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Lock passage information, times and phone numbers
Lock Operating Hours (South Australia)
The hours of passage through lock chamber and weirs Number 1 to 9 are:
8.00 to 11.30 am / 1.00 to 4.30 pm
7 days a week. Closed Christmas Day
Traversing a Lock
Traversing a lock is quick simple, if a few basic rules are observed.
Before approaching the lock, indicate to the lock attendant your intention to proceed.
It is your responsibility to contact the Lock attendant, preferably by using one of the following signals:
Three prolonged blasts (4 seconds each) on a whistle, air or electric horn or other suitable device ie mobile phone
Lock 1 to 9 phone numbers
|1 - (08) 8540 5001
2 - (08) 8543 2246
3 - (08) 8588 7005
|4 - (08) 8582 1388
5 - (08) 8595 5114
6 - (08) 8595 8025
|7 - (03) 5027 8225
8 - (03) 5027 8231
9 - (03) 5028 2235
A Red Flashing Light on top of the control boxes will indicate the Lock attendant has acknowledged your intentions and the chamber is being prepared for a lockage.
Do not approach within 150 metres of the lock until the signal to proceed has been given by the lock attendant. This will be indicated by a Green Flashing Light.
Lock attendant will direct where vessel is to stop in lock chamber. SA Water suggest that you have a person standing by your ropes for the duration of the lockage. This should avoid any possible damage to vessel and / or persons.
For more information contact SA Water (08) 8595 2222
SA Water reserves the right to refuse a lockage if conditions are not conducive to ensure a safe lockage.
Applications for out of hours lockages should be made in writing to:
The Manager, Murray River Operations Unit
South Australian Water Corporation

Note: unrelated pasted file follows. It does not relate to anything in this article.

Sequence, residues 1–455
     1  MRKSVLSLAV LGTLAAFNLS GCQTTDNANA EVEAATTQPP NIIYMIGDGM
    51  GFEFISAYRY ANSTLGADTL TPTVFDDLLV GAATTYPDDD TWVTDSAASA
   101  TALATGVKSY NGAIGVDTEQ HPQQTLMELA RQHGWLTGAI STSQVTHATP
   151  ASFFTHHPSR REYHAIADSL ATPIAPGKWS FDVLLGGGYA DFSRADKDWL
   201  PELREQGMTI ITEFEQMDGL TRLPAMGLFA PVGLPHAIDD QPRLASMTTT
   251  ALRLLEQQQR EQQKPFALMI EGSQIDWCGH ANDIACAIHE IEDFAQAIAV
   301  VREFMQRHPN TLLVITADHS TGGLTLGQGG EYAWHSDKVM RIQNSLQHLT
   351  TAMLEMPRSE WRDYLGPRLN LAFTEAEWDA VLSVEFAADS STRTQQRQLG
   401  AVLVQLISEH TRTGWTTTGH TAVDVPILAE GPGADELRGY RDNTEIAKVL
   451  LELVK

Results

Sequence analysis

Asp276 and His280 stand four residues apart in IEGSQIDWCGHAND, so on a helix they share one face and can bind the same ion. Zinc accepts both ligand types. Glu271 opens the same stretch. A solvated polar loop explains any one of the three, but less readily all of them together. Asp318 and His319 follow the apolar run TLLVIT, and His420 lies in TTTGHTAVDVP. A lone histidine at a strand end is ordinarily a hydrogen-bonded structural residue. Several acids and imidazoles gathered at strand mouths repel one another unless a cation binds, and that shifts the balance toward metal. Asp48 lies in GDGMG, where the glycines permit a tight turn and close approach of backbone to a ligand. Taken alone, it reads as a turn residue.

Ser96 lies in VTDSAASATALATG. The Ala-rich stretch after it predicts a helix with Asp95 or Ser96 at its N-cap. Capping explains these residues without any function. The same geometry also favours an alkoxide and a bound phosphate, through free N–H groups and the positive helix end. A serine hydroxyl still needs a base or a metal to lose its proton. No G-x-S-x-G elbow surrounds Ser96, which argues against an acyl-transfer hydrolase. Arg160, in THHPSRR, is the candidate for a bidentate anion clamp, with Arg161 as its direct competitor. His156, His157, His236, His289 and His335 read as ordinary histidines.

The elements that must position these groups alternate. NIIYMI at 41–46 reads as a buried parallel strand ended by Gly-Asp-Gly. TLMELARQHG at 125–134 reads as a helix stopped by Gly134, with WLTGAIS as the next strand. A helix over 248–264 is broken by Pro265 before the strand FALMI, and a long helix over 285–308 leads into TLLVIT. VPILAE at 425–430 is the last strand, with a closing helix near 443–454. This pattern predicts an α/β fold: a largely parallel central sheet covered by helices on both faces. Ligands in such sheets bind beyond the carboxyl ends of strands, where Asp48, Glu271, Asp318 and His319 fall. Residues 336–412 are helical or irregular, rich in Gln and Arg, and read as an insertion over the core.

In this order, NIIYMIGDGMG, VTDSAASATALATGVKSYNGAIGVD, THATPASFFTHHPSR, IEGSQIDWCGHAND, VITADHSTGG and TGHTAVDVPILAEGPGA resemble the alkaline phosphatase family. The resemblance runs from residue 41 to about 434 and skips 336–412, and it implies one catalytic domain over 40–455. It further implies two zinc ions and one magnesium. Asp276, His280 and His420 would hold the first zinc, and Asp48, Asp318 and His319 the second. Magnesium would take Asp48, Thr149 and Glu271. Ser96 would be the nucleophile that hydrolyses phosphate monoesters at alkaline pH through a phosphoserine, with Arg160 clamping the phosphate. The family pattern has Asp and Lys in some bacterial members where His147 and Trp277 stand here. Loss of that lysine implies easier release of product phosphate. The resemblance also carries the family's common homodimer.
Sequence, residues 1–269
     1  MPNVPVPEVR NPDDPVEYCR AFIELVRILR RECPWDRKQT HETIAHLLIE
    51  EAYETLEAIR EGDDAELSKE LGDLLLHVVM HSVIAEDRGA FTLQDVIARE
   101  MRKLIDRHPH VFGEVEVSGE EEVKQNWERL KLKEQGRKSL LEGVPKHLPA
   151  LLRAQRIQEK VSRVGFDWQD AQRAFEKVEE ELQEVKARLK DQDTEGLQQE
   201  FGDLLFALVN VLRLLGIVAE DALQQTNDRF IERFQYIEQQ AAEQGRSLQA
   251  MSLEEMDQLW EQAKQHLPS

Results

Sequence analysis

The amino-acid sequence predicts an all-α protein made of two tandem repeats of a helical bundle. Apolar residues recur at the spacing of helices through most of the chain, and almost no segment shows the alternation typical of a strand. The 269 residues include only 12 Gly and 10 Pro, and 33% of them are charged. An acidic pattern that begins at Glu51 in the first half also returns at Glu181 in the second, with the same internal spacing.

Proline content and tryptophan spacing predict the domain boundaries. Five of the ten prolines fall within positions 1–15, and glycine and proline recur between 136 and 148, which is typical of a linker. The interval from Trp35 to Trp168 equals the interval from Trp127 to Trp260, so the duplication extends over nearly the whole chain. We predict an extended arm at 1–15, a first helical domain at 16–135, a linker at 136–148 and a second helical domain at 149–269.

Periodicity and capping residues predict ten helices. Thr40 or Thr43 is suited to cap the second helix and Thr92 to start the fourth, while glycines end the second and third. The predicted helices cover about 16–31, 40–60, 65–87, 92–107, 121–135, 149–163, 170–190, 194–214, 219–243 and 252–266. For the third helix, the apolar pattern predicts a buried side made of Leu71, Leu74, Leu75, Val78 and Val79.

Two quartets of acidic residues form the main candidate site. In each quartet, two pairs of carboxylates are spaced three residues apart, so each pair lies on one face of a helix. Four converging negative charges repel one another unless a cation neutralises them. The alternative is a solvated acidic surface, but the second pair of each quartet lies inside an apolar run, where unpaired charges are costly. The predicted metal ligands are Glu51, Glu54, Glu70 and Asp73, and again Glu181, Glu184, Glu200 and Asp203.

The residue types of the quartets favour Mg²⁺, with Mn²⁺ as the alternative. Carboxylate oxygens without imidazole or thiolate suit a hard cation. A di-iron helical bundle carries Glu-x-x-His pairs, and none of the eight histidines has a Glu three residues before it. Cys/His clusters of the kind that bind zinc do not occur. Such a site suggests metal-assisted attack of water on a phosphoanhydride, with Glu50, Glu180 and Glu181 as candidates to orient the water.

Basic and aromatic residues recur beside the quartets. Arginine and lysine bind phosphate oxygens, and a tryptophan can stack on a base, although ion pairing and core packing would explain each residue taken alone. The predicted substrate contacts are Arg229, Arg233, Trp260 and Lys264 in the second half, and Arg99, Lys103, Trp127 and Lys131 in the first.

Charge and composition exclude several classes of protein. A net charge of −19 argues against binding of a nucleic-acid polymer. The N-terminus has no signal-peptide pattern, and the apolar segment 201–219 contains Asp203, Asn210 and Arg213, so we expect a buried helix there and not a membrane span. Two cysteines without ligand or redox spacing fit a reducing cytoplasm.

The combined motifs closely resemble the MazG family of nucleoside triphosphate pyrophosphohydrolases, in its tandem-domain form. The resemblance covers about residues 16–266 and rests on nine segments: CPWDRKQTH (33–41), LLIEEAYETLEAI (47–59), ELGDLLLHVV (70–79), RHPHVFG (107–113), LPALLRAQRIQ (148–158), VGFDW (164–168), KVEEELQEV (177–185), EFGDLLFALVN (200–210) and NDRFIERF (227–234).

PO Box 546, Berri SA 5343
Phone (08) 8595 2222
At least 7 days in advance and must include scheduled fee
A Day in the Life of a Lockmaster
How a lock works?
For a boat to pass downstream through the Lock, the water inside the chamber must be at the same level as the top weir pool, to allow the gates to open. The top gates are opened by hydraulic powered arms to allow the boat to enter. The gates are closed behind the boat and the water in the lock chamber is released by opening large hydraulically operated butterfly valves. The butterfly valves are only slightly smaller than an average house door.
Water flows from the lock chamber, via tunnels, to the weir pool below. As the water level in the chamber drops, the boat is lowered with it, until equal to the level of the lower weir pool. The bottom gates are then opened and the boat continues on its way. The water levels in locks are raised and lowered entirely by gravity; no pumps are used.
To travel upstream the reverse occurs. After the boat enters the lock chamber and the gates are closed behind it, valves are opened above the upstream gates to fill the chamber, via tunnels from the top weir pool. Water enters the chamber from the tunnels through ports spaced along the bottom of each wall.
This is to distribute the inflowing water to minimise turbulence in the lock chamber as it fills. When the water level in the lock chamber is equal to the weir pool, the gates can be opened and the boat can proceed.
It takes only 7 minutes to empty or fill the lock chamber but it normally takes 15 to 20 minutes to pass a boat through the lock. Six to eight medium houseboats can be accommodated in one lockage.
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